A.2.1 The Seven Layers of the OSI Reference Model
Figure A.2 below shows the layers of the OSI Reference Model:
Figure A.2 The seven layers of the OSI Reference Model.
- The physical layer is concerned with the physical wiring used to connect
different systems together on the network. Examples include the serial and
parallel cables mentioned earlier, Ethernet and Token Ring cabling, telephone
cables, and even the specific connectors and jacks used by these cabling
systems. Without strictly standardized definitions for the cabling and
connectors, vendors might not implement them in such a way as that they would
function with other vendor's implementations, which in turn would make it
impossible for any communications to occur whatsoever. Each of these wiring
systems therefore follows very strict standards, ensuring that the systems will at
least be able to communicate without having to worry about the underlying
- The data-link layer is used to define how information is transmitted across the
physical layer, and is responsible for making sure that the physical layer is
functioning properly. Some networks - such as the public telephone system,
AM/FM radio and television - use analog sine-waves to transmit information,
while most computer networks use digital "square" pulses to achieve this
objective. If there are any problems with transmitting the information on the
physical cabling (perhaps due to a damaged wire or circuit), then this layer must
deal with those errors, either attempting to retransmit the information or
reporting the failure to the network layer.
- The network layer is used to identify the addresses of systems on the network,
and for the actual transmission of data between the systems. The network layer
must be aware of the physical nature of the network, and package the
information in such a way that the data-link layer can deliver it to the physical
layer. For example, if a telephone line is the physical layer, then the network
layer must package the information in such a way that the data-link layer can
transmit it over an analog circuit. Likewise, if the physical layer is a digital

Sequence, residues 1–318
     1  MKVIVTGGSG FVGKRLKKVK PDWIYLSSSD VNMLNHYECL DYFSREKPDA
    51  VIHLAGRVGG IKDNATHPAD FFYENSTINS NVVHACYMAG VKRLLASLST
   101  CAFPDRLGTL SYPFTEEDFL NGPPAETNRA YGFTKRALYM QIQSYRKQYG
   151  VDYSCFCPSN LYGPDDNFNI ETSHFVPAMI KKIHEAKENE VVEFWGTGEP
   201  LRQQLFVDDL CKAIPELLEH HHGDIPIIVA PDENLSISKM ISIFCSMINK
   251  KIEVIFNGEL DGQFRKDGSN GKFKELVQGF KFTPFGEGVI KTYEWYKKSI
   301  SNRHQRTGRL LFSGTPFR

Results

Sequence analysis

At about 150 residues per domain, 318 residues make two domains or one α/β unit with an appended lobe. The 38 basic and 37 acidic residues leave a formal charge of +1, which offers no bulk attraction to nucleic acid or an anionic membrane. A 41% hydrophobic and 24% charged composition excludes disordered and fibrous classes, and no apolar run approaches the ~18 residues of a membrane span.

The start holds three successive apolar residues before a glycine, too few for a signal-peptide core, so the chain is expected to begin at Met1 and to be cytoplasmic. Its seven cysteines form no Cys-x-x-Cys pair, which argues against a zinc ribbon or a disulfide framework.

Ethernet LAN, then the network layer must encapsulate the information into
digital signals appropriate for Ethernet, and then pass it to the data-link layer for
On many networks, the network layer does not provide any integrity checking.
It simply provides the packaging and delivery services, assuming that if the
data-link layer is not reporting any errors then the network is operational.
Broadcast television and radio work in this manner, assuming that if they can
transmit a signal, then it can also be received. Many digital networking
technologies also take this approach, leaving it up the higher level protocols to
provide delivery tracking and reliability guarantees.
- The transport layer provides the reliability services lacking from the network
layer, although only for basic transmission services, and not for any application-
or service-specific functions. The transport layer is responsible for verifying
that the network layer is operating efficiently, and if not, then to either request
a retransmission or to return an error to the layer above it. Since higher-level
services have to go through the transport layer, all transport services are
guaranteed when this layer is designed into the network software and used. Not
all systems mandate that the transport layer provide reliability; indeed many
networks provide unreliable transport layers for non-essential services such as
- The session layer is responsible for establishing "connections" between
systems, applications or users. The session layer may receive this request from
any higher layer, and then will negotiate a connection using the lower layers.
Once a connection is established, the session layer simply provides an interface
to the network for the higher layers to communicate with. Once the higher layers
are finished, the session layer is responsible for destroying the connection as
- The presentation layer provides a consistent set of interfaces for applications
and services to utilize when establishing connections through the session layer.
Although these interfaces could also exist at the session layer, that would
burden it unnecessarily. It is better to have the session layer only manage
sessions and not worry about verifying data or providing other extended
services. An example of a service provided by the presentation layer is data-
compression, allowing applications to take advantage of the performance gains
that compression provides without forcing the applications to develop these
- Finally, the application layer provides the network's interface to end-user
applications and services such as printing or file-sharing. This layer also
provides some management services to ensure that the interfaces are being
addressed and used correctly.
The OSI Reference model is extremely useful as a tool for discussing various network services.
For example, if we were to look at a simple network service such as printing a document from
a word processor to a locally-attached printer, we could use the OSI Reference Model to
determine how this simple task was being achieved. We could also use the model to determine
how printing over a Novell network was done, or how printing over a TCP/IP network was
accomplished. Because all three of these examples use the same model, they can all be
compared to each other even though they all use extremely different technologies to achieve
the same objective.
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